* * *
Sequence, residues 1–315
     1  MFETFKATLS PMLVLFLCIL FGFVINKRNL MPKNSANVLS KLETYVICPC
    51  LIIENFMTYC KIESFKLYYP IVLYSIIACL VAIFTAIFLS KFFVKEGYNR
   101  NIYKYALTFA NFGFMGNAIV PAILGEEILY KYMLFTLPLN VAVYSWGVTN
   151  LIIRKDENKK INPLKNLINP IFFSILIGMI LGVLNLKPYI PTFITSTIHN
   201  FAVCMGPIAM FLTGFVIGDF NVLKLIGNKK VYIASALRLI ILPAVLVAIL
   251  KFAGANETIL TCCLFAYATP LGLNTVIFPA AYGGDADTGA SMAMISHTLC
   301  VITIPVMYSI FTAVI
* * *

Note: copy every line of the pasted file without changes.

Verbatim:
Sequence, residues 1–315
     1  MFETFKATLS PMLVLFLCIL FGFVINKRNL MPKNSANVLS KLETYVICPC
    51  LIIENFMTYC KIESFKLYYP IVLYSIIACL VAIFTAIFLS KFFVKEGYNR
   101  NIYKYALTFA NFGFMGNAIV PAILGEEILY KYMLFTLPLN VAVYSWGVTN
   151  LIIRKDENKK INPLKNLINP IFFSILIGMI LGVLNLKPYI PTFITSTIHN
   201  FAVCMGPIAM FLTGFVIGDF NVLKLIGNKK VYIASALRLI ILPAVLVAIL
   251  KFAGANETIL TCCLFAYATP LGLNTVIFPA AYGGDADTGA SMAMISHTLC
   301  VITIPVMYSI FTAVI